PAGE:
Time again to give some column inches to wisdom found over at Farmstrong. JD has been opining for a while about the need for worship to centre on story, not text - that is, to bind us into the whole story of God, not into a preacher's 'theme for the day' (he has some great song suggestions for awkward themes though, and if you read back a couple of posts, I think you may laugh out loud). Creation, fall, redemption, resurrection, and the return of the King are ideas that JD wants to see repeated throughout our weekly worship so that we get the big ideas in our regular corporate dealings with God.
This is good stuff.
In a recent post, I posted a comment because I felt the initial post had a sentence (part of a quotation) that was apt to be mis-read, and you know how pedantic I can be. In part of his reply JD wrote:
My big contention is that we become narrated into the Story via worship that truly remembers the biblical narrative in a living (think anamnesis) Hebraic way of remembering. Jesus is our way in. Consider the implications of Baptism (the drowning of our plot and the resurrection into his plot) and the Eucharist, the continual nourishment on his Body and Blood in the power of the Spirit.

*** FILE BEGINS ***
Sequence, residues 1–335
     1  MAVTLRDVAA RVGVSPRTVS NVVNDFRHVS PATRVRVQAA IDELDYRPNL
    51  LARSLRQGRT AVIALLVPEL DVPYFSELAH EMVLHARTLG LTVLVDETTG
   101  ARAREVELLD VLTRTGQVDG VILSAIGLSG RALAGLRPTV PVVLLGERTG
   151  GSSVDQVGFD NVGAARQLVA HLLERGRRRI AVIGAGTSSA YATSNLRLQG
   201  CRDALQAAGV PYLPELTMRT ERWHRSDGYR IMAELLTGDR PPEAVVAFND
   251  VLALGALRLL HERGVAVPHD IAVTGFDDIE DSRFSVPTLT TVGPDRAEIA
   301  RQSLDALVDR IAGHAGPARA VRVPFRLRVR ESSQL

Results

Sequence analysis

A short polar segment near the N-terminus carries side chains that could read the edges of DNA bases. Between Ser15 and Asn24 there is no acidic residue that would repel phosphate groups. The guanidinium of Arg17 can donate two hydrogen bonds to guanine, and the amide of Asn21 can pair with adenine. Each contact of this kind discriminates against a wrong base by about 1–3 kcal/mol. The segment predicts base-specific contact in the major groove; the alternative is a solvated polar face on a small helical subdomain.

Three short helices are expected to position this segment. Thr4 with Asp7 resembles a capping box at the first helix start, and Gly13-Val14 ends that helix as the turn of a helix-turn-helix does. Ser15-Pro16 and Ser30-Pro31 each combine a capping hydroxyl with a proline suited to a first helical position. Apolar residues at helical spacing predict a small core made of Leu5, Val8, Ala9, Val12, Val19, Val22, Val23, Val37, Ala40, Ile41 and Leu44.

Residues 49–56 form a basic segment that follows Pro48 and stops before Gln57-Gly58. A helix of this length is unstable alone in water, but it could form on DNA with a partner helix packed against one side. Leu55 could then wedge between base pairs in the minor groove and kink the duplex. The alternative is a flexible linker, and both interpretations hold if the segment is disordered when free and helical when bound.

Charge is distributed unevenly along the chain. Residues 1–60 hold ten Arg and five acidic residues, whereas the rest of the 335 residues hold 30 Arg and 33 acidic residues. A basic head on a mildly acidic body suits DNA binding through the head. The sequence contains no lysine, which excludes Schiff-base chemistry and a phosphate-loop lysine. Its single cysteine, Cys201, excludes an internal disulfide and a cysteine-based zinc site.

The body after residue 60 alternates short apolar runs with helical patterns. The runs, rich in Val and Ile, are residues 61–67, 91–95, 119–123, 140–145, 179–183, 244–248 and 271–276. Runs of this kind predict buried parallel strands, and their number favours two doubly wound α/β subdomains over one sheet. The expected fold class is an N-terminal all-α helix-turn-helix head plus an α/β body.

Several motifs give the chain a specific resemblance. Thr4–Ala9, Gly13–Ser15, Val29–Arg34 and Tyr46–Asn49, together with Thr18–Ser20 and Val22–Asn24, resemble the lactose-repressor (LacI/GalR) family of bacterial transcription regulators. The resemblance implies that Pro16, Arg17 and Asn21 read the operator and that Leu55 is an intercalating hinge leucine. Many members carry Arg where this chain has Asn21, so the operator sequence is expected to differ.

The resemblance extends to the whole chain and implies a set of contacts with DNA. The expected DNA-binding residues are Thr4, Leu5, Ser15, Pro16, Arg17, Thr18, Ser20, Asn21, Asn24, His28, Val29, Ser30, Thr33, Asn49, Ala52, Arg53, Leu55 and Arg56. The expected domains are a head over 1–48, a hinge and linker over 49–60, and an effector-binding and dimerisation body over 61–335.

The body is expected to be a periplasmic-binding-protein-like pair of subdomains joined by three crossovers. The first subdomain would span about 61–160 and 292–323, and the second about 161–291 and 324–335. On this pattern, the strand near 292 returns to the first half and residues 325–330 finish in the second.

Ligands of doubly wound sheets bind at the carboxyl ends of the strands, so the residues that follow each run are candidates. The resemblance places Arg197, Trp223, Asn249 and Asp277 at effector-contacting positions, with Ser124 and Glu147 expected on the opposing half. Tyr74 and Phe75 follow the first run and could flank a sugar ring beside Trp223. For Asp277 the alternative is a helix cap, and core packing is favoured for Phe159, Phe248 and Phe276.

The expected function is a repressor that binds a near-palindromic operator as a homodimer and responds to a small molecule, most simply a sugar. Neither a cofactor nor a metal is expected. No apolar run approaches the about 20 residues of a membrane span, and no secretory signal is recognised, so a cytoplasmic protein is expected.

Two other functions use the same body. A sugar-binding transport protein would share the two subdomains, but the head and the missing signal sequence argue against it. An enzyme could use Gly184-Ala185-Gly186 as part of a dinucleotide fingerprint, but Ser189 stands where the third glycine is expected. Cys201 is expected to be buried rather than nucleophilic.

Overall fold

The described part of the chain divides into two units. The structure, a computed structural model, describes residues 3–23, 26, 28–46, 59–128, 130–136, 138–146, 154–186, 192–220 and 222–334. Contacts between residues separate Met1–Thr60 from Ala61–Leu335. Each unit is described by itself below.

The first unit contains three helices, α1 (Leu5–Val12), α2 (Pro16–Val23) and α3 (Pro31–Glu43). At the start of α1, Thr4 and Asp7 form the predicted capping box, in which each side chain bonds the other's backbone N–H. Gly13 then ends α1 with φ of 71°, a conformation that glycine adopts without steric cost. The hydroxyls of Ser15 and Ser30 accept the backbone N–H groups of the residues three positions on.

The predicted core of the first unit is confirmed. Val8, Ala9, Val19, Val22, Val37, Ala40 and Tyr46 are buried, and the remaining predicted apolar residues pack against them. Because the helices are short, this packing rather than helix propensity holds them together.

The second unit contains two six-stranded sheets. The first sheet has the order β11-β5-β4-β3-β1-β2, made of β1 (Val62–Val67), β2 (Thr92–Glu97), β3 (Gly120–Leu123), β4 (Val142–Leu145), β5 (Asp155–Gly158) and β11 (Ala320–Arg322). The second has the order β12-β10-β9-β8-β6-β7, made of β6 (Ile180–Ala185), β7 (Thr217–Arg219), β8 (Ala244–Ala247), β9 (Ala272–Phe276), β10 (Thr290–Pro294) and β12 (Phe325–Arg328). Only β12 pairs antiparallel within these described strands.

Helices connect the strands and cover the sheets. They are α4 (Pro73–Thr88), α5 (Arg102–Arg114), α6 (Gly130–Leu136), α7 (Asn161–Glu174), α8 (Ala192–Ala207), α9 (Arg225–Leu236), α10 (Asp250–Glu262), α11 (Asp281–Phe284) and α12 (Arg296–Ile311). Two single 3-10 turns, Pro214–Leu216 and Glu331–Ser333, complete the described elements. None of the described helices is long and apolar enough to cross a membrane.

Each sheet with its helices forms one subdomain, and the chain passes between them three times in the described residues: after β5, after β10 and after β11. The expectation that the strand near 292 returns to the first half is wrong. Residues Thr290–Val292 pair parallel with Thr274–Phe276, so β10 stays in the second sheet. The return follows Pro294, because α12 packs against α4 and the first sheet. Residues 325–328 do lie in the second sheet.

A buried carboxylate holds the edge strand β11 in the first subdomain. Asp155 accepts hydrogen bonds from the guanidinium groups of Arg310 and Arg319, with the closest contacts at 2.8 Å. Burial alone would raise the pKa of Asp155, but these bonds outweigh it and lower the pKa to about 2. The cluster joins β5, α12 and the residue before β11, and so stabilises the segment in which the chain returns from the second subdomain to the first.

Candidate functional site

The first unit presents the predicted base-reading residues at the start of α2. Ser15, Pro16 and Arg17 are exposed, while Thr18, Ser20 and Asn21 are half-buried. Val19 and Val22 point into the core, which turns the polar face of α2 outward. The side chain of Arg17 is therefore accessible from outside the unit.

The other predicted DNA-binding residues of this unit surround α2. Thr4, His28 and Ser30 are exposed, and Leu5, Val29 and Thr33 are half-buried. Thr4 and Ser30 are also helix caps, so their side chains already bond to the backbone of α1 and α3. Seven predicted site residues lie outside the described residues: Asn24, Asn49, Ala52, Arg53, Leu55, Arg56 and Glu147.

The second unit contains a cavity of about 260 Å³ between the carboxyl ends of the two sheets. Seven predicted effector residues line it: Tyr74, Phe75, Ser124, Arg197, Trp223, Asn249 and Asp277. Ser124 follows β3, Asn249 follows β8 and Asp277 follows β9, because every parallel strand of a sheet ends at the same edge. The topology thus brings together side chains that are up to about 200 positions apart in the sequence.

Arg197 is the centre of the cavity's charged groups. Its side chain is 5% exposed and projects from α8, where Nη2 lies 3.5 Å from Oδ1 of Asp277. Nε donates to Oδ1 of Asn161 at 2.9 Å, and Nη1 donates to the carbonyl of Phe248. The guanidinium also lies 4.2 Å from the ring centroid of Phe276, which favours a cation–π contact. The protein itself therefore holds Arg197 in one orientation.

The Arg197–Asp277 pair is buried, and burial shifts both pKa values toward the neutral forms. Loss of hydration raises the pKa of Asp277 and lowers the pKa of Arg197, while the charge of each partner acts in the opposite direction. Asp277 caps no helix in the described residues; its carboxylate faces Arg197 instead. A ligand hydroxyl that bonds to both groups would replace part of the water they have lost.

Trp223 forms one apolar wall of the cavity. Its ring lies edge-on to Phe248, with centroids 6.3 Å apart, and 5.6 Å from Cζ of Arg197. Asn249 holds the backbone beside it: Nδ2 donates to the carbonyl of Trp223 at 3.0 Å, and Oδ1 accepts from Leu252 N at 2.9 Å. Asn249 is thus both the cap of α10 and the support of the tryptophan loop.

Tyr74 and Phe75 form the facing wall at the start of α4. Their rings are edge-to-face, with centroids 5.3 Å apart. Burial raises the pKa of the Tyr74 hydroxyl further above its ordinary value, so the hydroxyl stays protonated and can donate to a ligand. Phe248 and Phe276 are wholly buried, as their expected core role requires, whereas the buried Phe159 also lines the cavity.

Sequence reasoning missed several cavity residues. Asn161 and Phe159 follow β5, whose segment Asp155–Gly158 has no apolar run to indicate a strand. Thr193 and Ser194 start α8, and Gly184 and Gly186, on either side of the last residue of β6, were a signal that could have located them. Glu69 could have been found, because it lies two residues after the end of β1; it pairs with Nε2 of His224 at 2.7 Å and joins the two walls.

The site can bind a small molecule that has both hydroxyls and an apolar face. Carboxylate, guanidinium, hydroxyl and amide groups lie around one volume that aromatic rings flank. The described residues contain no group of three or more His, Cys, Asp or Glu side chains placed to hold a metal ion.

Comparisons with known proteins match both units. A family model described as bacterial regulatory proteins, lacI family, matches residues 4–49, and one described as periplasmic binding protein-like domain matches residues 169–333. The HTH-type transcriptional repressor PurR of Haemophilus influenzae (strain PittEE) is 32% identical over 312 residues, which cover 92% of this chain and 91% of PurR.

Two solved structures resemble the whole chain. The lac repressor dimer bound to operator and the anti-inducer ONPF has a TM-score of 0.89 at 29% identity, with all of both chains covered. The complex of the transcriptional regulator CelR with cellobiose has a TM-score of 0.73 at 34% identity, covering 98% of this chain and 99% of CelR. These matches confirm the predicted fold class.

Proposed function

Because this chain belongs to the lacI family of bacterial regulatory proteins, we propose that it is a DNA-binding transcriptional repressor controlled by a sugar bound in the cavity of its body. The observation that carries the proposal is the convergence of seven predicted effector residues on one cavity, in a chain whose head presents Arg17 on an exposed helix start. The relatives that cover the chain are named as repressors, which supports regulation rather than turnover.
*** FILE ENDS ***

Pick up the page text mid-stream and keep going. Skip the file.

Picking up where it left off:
I guess you may have to read a lot of his stuff to get this, but then come back and re-read this summary. It is brilliant. I mean, brilliant. Fantastic theology. So good I want to claim it as mine - well, it is, I mean, I teach this stuff too, but perhaps not as succinctly or in these words (it's a while since St Catherine's had anamnesis mentioned in that precise word on a Sunday, though we get the concept every darned week).
I just had to post it in this form for now. When I have time I will post again, with a whole work-up of what this is about. But I LOVE it as a practical theology of how we design the service of worship for the corporate body as we encounter the living God in order to be more fully his people, filled with his Spirit and equipped for the service of the world.